Time is also important flu vaccine. Influenza cases usually begin to rise in October and peak between December and February. but may continue until May. Ideally, people should get vaccinated before the flu starts to spread September or early October the perfect time to get a flu shot.
A tough flu season ahead
Due to lockdowns, reduced travel, school closures and mask requirements in the first and second years of the pandemic, as 2020-2021 and 2021-2022 flu seasons it is estimated that there have been fewer hospitalizations and deaths from the flu compared to many years before the pandemic.
In the fall of 2021, experts became concerned about the possibility of a “twin pandemic” of COVID-19 and influenza, especially with the lifting of restrictions on COVID-19 and the removal of masks. Fortunately, the worst did not happen – the number of flu in the 2021-2022 season did not return to the level that was before the pandemic. However, the possibility of a “double demi-demia” is not excluded in the upcoming flu season.
Flu seasons are coming inherently difficult to predict. As most people travel again, schools reopen, masks are lifted, and workers return to offices, people will undoubtedly be exposed to germs they’ve been more protected from for the past two and a half years.
In addition to this, flu vaccine rates were lower during the pandemicsuggesting that Americans may have gotten out of the habit of getting their annual flu shot.
Combination of pictures
Many also wonder if it is possible or necessary to get an updated COVID-19 shot and a flu shot at the same time. Good news: yes it is safe for both adults and children 12 years of age and older who are eligible for a COVID-19 booster to receive these vaccines at the same time.
A recent study found that common side effects of the vaccine, such as pain at the injection site happened at a slightly higher rate if someone received the flu vaccine and the COVID-19 vaccine at the same time, as opposed to only receiving the COVID-19 booster. However, these reactions, including fatigue and headache, were mild and disappeared within a day or two.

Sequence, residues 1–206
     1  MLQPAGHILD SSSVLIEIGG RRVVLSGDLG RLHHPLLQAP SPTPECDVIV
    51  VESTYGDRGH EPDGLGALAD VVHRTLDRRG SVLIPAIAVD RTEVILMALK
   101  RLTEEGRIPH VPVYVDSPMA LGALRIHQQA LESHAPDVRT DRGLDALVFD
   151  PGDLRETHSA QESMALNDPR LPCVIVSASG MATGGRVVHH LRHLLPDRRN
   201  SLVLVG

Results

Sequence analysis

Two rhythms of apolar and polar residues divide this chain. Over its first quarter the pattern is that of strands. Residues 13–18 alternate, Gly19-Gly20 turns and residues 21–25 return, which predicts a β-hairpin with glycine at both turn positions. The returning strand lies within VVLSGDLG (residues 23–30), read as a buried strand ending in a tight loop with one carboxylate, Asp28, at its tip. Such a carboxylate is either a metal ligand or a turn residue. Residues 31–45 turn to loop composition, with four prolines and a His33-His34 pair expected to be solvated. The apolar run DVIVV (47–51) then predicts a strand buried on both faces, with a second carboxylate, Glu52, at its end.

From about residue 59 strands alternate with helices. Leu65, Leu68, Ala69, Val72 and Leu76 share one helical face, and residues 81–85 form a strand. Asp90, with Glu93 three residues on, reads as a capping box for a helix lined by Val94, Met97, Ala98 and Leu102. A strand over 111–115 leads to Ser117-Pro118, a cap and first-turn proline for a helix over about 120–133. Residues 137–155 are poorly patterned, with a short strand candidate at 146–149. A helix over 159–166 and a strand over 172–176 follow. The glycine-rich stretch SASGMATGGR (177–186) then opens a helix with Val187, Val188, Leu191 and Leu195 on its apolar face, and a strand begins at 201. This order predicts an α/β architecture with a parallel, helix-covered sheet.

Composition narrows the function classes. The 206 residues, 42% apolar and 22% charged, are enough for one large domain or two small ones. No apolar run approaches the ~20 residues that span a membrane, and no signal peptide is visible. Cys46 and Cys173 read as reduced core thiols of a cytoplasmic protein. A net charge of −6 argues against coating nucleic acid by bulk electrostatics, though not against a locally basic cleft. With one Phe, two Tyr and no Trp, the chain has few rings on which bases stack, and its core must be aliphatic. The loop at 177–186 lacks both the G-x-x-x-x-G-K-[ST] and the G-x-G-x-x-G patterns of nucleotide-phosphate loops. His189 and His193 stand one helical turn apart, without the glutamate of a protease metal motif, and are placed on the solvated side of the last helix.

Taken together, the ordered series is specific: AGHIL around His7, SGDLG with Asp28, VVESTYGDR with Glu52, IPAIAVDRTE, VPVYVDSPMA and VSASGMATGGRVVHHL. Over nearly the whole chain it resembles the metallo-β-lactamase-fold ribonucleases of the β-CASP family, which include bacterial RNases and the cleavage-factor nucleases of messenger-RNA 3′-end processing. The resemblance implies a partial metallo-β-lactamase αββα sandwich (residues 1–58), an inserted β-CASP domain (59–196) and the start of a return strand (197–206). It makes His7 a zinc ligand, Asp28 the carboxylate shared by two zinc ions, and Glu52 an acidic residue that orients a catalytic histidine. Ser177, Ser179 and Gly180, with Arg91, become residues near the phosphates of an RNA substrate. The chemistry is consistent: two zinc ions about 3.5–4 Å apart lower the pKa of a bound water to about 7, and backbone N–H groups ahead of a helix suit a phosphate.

You do not need to make two separate vaccination visits until you are due for your next COVID-19 vaccination. However, I don’t recommend waiting to get your flu shot if you haven’t already had your COVID-19 booster. The Centers for Disease Control and Prevention recommends that everyone get the flu vaccine by the end of October. But if you miss this deadline, it’s absolutely better to vaccinate later in the season than not vaccinate at all.
Society also matters
Getting the flu and COVID-19 vaccines is not just about your health, it’s about the health of your family and community. Communities with higher vaccination rates have fewer opportunities for the virus to spread.
Keep in mind that many people cannot be vaccinated because they have a weakened immune system or are undergoing treatment. They depend on those around them for protection. While one person may experience mild symptoms when they contract the flu or COVID-19, they can spread the virus to others who may become seriously ill. Because it’s impossible to predict how people will react when they get sick, the best prevention strategy is getting the flu and COVID-19 vaccine.
Citation: When should you get your new COVID-19 shot and flu shot? Now is the best time for both (2022, September 22) Retrieved September 22, 2022, from https://medicalxpress.com/news/2022-09-covid-booster-flu-shot.html